Reconsidering Acceptance, the Fifth Stage of Grief

February, 2016

In her landmark book On Death and Dying, Elizabeth Kübler-Ross described five stages of grief: denial, anger, bargaining, depression, and acceptance.   This system has become the most widely accepted way to describe and cope with the grieving process. I believe these stages present a very useful way to look at grief, and I used them throughout my book.

Today, as I am writing this, Molly is still alive. She still breathes; her heart still beats; she can still walk around; she enjoys the tastes of sweet things on her tongue and the feel of soft things she touches. Therefore, I do not speak from the perspective of one whose loved one has died.

I am, however, fully experienced in what is called “anticipatory grief.” Kübler-Ross defined this emotional state as follows: “anticipatory grief occurs when someone we love—or we ourselves—have a terminal illness. Anticipatory grief is the ‘beginning of the end’ in our minds. We now operate in two worlds, the safe world that we are used to and the unsafe world in which a loved one might die. We feel that sadness . . . we think of the five stages of death occurring for the dying person, but many times loved ones go through them ahead of the death also. This is especially true in long, drawn-out illnesses.”

I have, therefore, been in the stages of anticipatory grief ever since Molly’s diagnosis. I think and feel and write using the concepts of denial, anger, bargaining, depression, and acceptance.

Most recently, I have been reconsidering my attitude towards the fifth stage of acceptance. I have often said and written of grieving Molly’s disease that I have not yet reached the stage of acceptance. That turns out to be both true and not true.

I have certainly come out of denial, felt my anger and sadness, learned many lessons about life and death. Grown emotionally, psychologically, and spiritually during and through the process of grieving.

Now, I recognize that I have in many ways reached acceptance. When I write and speak about lessons learned that is part of acceptance. When I find Molly’s infantile behavior as both fascinating and heartbreaking, that is also acceptance.   Another part of acceptance is taking the long view: I had twenty-five years with Molly when she was healthy and fully able to do everything.

I had a common misconception about acceptance. I thought it meant that I was finally okay with Molly’s illness and decline. Kübler-Ross, on the other hand, never meant it that way: “Most people do not ever feel okay or all right about the loss of a loved one. This stage is about accepting the reality that our loved one is physically gone and recognizing that this new reality is the permanent reality. We will never like this reality or make it okay, but eventually we accept it. We learn to live with it” [italics mine]. According to that interpretation, I can say, “Yes, I have faced the reality of Molly’s Alzheimer’s.” I have even learned to live with it.

So, what does acceptance look like in my grief journey so far? I have spent many days over the last few years observing Molly’s actions. I have and become less interested in keeping her safe and content and more interested in what she does spontaneously. Molly has proven to be remarkably curious. From my perspective her curiosity stems in large part from her memory loss. Since she cannot remember an experience, Molly is always in the process of exploring new sensations. She will feel the texture of a napkin as though it is the first time she has touched such a fabric.   She will explore my hand and touch my skin and my fingernails as though she is learning about the body for the first time. She will try a handle to see if it will open the door. She doesn’t remember that the doors are usually locked: each handle is a new opportunity. This is what I am talking about when I say that her actions are both heartbreaking and fascinating.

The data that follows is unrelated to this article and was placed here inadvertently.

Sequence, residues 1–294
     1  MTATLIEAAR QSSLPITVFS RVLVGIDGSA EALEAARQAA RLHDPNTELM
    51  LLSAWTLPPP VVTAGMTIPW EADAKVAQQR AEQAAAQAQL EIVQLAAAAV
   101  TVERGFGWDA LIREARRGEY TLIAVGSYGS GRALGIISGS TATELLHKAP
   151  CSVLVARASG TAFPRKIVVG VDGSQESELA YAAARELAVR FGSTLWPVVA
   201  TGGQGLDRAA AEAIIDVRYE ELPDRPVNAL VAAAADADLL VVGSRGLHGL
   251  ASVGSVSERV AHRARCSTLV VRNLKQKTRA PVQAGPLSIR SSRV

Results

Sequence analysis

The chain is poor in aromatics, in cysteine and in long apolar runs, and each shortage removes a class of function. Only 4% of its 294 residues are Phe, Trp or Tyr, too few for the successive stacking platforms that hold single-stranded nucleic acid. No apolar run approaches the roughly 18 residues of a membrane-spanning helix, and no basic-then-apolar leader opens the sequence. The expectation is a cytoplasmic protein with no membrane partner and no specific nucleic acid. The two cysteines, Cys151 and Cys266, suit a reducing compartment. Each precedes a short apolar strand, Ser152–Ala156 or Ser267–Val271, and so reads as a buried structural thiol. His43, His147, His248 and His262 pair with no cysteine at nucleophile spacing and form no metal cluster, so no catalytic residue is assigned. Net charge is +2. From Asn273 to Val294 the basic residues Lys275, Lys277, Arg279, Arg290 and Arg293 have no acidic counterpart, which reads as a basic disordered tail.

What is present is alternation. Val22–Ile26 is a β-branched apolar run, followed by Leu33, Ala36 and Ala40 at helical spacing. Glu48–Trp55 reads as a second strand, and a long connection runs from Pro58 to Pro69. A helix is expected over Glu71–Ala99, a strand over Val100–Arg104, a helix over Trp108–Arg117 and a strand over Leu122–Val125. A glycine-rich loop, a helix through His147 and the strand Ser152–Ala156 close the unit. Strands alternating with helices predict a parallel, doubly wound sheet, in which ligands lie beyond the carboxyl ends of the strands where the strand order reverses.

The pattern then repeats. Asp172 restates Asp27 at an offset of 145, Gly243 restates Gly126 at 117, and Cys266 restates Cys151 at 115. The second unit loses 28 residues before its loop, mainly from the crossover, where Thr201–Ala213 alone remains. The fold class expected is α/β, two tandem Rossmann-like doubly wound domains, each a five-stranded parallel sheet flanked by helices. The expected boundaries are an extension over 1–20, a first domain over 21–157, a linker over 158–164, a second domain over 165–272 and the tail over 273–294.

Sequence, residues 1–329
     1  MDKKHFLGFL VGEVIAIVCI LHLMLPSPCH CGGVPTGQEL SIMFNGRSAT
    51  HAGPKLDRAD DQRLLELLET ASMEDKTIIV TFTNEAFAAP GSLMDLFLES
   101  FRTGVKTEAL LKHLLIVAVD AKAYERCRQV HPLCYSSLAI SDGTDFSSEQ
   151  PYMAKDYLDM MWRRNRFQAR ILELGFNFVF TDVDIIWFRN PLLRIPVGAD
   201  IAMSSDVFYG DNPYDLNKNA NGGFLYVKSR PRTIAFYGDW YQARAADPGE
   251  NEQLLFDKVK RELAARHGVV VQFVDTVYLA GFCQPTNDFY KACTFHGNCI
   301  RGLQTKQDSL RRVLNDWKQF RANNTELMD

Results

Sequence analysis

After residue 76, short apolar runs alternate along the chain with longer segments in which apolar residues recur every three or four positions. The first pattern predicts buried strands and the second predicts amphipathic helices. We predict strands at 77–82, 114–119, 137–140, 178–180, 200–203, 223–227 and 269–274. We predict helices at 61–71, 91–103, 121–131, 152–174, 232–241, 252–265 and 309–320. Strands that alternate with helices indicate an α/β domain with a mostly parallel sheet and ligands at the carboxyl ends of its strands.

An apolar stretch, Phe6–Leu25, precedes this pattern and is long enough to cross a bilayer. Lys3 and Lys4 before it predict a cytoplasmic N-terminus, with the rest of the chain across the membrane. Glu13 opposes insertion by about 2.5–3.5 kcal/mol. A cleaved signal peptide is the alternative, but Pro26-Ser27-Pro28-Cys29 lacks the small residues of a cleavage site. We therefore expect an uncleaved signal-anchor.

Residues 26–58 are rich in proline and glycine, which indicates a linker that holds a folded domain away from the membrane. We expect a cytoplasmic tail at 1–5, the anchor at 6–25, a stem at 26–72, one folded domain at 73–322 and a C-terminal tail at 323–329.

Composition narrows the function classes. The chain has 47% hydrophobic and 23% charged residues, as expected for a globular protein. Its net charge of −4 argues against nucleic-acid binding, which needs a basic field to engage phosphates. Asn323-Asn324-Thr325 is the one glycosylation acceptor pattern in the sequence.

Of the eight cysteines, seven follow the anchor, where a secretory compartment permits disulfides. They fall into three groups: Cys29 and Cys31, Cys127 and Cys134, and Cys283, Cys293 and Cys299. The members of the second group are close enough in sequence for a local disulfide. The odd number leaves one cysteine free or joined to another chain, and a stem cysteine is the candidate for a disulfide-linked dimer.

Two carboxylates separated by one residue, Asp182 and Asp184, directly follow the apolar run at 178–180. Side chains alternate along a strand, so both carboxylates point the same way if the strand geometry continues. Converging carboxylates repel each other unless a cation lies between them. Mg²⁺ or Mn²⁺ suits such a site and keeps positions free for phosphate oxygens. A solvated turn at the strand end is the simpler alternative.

Putting myself in observing mode helps me cope with the deep sadness of what Molly has lost. To me it is tragic that she cannot read her favorite poems any more, that she cannot remember her grandchildren’s names, that she doesn’t remember the words to the songs her father taught her as a little girl. Molly certainly does not remember what she used to do and enjoy. I seriously doubt that she ever misses reading a book.

To Molly, as I see her now, what she is experiencing right now in front of her is what is important. Accepting that reality is powerful.

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What It Means to Be Human

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There is a new show on TV called “Humans.” From the title it’s not readily apparent that the show features imitation humans (“synths”). These synthetic humans are robots programmed with artificial Intelligence (AI).

The premise of the show is that these robots have become more and more like the people they are modeled on to the point of having consciousness and emotions. The leading robot character Anita works as a nanny for a family with three children and two working parents. Anita was not always as subservient as she appears at the beginning. She was part of a group of robots who escaped their slave situations and lead independent lives with each other. Anita was even “in love” with the leader of the renegade robots. Then she was captured by a slave trader who sold her to be reprogrammed as a household servant.

What drew me to the show when I saw the pilot in a preview presented by the Denver Film Society was a subplot. In this part of the narrative, one of the creators of the AI robots (played by the wonderful actor William Hurt) has retained his original model. This robot serves a surrogate son and companion to the inventor.

What drew me to this storyline and moved me was its treatment of memory. The William Hurt character was married but his wife has died. The robot was with him and his wife for years, and he retains the memories of the couple’s life together. Thus, the inventor has a companion to share his memories with.